About Computers, Software Development & Information Technology
By John Alexander
Have you ever wished there was some way to calibrate or measure the effectiveness of your Web site based on what visitors actually see and experience?
Here are a few important questions to consider:
How much of your important Web copy do you think is really being read by Visitors?
What elements are your Web visitors really looking at on your Web page?
Where does their eyes first begin on a page and where do their eyes hesitate or stop?
What do your Web visitors see on your page but do NOT click on? Would it be interesting to measure if you could?
What do visitors NOT click on, simply because they never see it?
All interesting questions that you may wish you had an answer for. Well, now you can have an answer to these observations and many others too.
Think about these ideas.
Would it be useful to really be able to graphically measure how effectively you write articles?
Would it be useful to be able to look at your work and analyze exactly what people are looking at?
At what point do people stop scrolling down to read a page?
Thanks to a heat mapping process it is actually possible to measure all of these things and more. One very well test subject is examining how people read the news. How their eyes move over the headlines, where their gaze stops, which links they see, which links they don't see, which links they choose to click on and much more can all be captured using test subjects.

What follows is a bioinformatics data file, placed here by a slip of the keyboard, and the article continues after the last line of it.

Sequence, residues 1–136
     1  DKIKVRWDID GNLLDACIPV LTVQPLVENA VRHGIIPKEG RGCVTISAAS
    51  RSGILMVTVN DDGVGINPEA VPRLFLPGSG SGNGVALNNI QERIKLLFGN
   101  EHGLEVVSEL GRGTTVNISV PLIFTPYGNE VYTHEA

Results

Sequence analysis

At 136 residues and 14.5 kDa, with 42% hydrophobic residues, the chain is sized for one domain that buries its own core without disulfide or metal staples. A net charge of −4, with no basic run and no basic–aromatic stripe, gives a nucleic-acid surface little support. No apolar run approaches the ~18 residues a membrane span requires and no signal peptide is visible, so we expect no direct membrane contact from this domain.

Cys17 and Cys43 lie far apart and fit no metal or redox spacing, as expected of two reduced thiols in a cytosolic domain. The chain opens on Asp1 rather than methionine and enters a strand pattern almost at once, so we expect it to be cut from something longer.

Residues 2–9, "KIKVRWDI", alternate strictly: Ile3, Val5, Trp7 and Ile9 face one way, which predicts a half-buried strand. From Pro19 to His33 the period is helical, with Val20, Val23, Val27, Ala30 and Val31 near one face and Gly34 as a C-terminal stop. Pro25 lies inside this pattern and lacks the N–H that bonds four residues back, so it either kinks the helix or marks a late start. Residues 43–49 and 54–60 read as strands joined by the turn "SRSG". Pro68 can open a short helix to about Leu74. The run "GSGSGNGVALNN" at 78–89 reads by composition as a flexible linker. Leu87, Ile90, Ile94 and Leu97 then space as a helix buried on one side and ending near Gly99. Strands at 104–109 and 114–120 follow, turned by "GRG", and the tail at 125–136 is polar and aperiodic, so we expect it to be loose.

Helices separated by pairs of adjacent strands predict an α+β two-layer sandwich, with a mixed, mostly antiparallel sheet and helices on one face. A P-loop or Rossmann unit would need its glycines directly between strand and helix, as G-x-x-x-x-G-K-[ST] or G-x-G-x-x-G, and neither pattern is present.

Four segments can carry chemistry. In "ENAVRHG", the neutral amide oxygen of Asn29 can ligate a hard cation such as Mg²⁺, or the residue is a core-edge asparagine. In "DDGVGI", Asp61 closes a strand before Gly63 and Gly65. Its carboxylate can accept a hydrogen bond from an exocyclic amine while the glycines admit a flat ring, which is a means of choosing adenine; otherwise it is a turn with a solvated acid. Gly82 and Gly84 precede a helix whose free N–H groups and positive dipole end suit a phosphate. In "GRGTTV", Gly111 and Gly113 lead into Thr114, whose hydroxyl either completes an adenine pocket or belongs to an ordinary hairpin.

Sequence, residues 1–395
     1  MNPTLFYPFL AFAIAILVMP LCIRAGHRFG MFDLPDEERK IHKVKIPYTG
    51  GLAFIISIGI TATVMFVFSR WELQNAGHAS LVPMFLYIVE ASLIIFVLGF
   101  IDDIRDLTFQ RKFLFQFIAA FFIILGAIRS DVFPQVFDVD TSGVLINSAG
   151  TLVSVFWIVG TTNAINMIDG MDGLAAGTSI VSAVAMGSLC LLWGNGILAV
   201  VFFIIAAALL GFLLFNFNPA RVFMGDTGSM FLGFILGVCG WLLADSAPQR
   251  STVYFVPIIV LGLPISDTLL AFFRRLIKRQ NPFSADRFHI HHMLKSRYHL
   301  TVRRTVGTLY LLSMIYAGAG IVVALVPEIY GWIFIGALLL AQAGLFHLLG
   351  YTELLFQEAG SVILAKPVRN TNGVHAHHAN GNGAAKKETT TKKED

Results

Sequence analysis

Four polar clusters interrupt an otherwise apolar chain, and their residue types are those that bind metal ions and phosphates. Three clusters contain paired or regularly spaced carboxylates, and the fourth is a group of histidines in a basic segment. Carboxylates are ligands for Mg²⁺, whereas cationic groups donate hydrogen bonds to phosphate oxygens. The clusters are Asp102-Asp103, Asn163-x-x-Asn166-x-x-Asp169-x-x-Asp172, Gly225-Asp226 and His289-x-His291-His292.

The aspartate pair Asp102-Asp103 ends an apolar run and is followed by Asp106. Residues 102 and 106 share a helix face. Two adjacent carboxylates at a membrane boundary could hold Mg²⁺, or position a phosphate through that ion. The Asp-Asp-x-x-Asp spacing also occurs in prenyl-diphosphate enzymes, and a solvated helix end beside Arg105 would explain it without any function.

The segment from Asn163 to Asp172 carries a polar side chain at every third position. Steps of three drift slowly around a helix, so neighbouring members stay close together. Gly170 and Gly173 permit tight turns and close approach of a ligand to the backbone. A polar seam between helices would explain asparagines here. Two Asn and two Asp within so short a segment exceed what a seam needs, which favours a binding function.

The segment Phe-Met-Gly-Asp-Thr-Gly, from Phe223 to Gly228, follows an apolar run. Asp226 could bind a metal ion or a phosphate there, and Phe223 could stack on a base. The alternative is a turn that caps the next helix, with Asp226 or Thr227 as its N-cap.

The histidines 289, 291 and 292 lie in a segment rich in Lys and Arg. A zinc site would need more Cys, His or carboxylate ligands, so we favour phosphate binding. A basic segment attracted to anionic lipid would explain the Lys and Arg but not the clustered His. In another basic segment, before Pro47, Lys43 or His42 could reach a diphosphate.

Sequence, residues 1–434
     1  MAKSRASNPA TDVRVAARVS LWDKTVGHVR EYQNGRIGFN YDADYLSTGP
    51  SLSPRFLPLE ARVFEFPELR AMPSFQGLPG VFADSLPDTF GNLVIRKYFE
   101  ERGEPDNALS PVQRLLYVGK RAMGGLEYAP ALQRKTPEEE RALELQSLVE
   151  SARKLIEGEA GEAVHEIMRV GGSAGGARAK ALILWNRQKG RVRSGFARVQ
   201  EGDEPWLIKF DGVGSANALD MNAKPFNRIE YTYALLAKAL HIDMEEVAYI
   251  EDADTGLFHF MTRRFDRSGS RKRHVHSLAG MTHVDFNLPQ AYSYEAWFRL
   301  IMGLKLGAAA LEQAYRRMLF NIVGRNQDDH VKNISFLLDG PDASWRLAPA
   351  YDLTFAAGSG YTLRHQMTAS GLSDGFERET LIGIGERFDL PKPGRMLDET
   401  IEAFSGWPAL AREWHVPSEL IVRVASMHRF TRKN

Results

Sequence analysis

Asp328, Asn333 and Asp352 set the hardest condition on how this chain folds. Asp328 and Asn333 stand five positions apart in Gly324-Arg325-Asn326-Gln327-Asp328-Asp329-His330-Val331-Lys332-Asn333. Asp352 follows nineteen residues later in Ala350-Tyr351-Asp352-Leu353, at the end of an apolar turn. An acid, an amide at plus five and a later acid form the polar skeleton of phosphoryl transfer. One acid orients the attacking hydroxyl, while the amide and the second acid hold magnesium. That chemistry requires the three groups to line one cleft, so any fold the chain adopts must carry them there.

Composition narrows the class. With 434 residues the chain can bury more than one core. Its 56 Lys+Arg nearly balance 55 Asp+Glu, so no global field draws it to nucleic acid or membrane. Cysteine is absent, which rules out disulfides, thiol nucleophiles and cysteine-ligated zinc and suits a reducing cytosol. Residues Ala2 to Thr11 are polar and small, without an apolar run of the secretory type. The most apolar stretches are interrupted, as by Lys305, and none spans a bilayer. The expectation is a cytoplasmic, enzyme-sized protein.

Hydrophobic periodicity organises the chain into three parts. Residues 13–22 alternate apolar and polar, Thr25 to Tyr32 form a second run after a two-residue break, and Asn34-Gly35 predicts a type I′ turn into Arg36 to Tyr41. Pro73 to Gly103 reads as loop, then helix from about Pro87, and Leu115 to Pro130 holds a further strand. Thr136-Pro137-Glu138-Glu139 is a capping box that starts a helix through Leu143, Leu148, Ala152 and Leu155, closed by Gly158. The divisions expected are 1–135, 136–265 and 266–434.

Here is an excellent article written by
Eyetrack Project Managers Steve Outing and Laura Ruel as they observed
46 people for one hour as their eyes followed mock news websites and
real multimedia content.
In this article they offer some excellent observations and tips based upon their research.
Here is an example of a color legend to help explain the meaning of a heat map.
Here is a recorded video of actual eye tracking sessions. Fascinating to watch!
Are you interested in having your Web page analyzed using a specific demographic test group. One company that offers these services is called Eyetools.com. They provide tools and services to measure eye-movement, as your test group looks at your Web pages to examine what people see, what they read, what they don't read, what they glance at, what they skip over, and what they never see.
About John Alexander
John Alexander is Co-director of Training at Search Engine Workshops offering live, SEO Workshops with partner Robin Nobles as well as online SEO training. John is author of an e-book called Wordtracker Magic and co-author of the Totally Non-Technical Guide for A Successful Web Site. John is also an official member of the customer support team at Wordtracker.com.
This work is licensed under a Creative Commons License.